Recently I hosted a little gathering at our local library and talked about my books and fiction writing. One of the questions I was asked during the workshop was how do I make my characters seem so real? What are the secrets to creating characters that seem to walk off the page?
All of us have read books either where we loved the characters so much, we hated for the book to end or where the characters seemed card-boardish. In the former case, we didn’t think about some author somewhere creating characters, instead we thought of those characters as people we know. Often my readers talk about my characters and what they would do in a certain situation and it throws me. My first thought is, who are they talking about? Then I remember they’re reading one of my books. It’s a strange feeling for an author, but not for a reader.
When I allow my imagination to run free, good characters emerge. But, when I struggle to restrict a character in some sort of box, that’s when I have trouble. So let’s try and answer the question how to develop characters that walk off the page:
- Let go of the story. For pantser writers that’s not too hard. But, if you’re an outliner, it’s harder. If you hold on too tight to what you think a character should do or where the story should go, you’ll lose the ability to create real characters. My characters keep me straight. Yes, I’m more a pantser writer than an outliner, but I do usually know where the story is going. If I head in that direction and one of the characters tugs me elsewhere, I usually go (if sometimes reluctantly). There have been a couple of times in my creative writing experience that I’ve ignored the character. Eventually that catches up with me and the character wins. Whenever I let the character tell me what to do and where to direct the story, it no longer becomes mine to manipulate. It becomes something out of my imagination that I never knew existed.
- Set up case scenarios for your characters. Instead of creating a background that specifically states what the character eats, does during the day, looks like, etc., put the character in fictitious situations and see what they do. Actions are the important part of a story. It’s what moves the story forward. These are situations that may or may not ever come up in the story. But, they will give you clues about the character and will put you in the head of that character. You are no longer directing. You are simply recording on paper (or computer) what the character does.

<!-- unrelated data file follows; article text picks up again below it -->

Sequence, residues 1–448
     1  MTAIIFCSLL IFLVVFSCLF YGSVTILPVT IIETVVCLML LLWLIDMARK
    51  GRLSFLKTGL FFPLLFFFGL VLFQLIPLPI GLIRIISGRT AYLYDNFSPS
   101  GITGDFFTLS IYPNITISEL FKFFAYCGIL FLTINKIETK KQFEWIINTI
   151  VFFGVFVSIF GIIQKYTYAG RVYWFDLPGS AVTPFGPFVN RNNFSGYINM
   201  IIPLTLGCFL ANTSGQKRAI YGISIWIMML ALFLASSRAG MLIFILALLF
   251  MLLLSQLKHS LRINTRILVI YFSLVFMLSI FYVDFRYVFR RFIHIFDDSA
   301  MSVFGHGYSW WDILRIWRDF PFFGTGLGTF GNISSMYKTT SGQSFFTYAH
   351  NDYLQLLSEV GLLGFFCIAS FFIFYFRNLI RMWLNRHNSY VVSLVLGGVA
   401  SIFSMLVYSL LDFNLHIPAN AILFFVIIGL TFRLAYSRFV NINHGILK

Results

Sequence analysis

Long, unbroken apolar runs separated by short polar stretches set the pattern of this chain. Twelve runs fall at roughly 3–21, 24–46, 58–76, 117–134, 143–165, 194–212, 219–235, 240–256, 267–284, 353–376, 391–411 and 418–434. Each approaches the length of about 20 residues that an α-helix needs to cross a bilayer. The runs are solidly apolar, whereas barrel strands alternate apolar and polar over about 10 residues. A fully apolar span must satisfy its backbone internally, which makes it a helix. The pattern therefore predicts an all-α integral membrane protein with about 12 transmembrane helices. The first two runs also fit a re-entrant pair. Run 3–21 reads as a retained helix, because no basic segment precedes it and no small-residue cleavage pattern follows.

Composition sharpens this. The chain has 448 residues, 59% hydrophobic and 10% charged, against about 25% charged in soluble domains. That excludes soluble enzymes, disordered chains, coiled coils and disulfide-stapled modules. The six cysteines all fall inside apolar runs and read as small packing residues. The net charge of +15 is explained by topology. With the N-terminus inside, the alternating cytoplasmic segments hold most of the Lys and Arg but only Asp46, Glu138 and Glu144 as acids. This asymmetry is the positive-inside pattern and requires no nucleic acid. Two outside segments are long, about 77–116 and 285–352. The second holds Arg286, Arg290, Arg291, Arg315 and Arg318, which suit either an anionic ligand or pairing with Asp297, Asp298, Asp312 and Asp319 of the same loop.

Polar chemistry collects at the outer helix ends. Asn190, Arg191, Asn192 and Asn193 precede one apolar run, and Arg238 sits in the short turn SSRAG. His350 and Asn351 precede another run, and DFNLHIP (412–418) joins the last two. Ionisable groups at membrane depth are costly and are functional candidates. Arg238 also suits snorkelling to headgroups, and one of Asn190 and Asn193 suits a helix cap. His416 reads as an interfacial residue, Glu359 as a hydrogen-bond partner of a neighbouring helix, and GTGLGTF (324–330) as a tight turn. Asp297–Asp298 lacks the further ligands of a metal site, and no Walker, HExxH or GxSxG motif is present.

- Develop a clear backstory for your character. Again, you can’t do this without the character’s help. You must do 1 and 2 above before you can do number 3. The backstory will give you clues to that character’s motivations. A character who has lived a charmed life with no tragedy probably will not put herself at risk to solve a mystery. A character who came from a broken family might respond differently than one who came from an intact family. What about siblings? Is your character the oldest in the sibship? That character might take more risks than the middle child.
Year’s ago two psychologists developed a diagram called the Johari Window to help people understand their actions and their behavior in relation to each other. This model suggests that when we encounter others, we react in certain ways depending on what we know about that person and what they know about us. For example in the Open area, I know about you and you know about me, everything is out in the open. In the Blind Area, you know about me, but I don’t know that about myself–blind spots, so to speak.. In the Hidden Area, I know things about me that you don’t know. And, in the Unknown Area, there are things both you and I do not know about each other.
How does the Johari Window affect characterization?
- If I think I know everything about my characters, I am probably operating in the Blind Area. I cannot see what my characters can see.
- If I hide things from my characters, thinking I know more than they do, I’m operating in the Hidden Area and my story will appear manipulated and predictable.
- If I operate in the Unknown area where I understand that neither I nor my characters know it all, then eureka moments will evolve. This is where true creativity exists. The two psychologists, who developed this model, wrote that when we allow ourselves to go into the unknown with an open mind, willing to accept what is there, we will discover that creative spark. Once known, that information becomes part of our Open Area.
- The goal is to end up with as much in the Open Area as possible. By doing that you trust your characters to teach you about who they are, and they trust you to tell their story.
Using the Johari Window, I’ve learned to recognize when I’m operating in the Blind Area.When that happens, I let go of the story, allow my mind to travel to new places, and trust that the end will prove the trip worthwhile.
This post is part of the #AuthorToolBoxBlogHop. You can learn many more writing tips. Visit the other blogs on the hop here.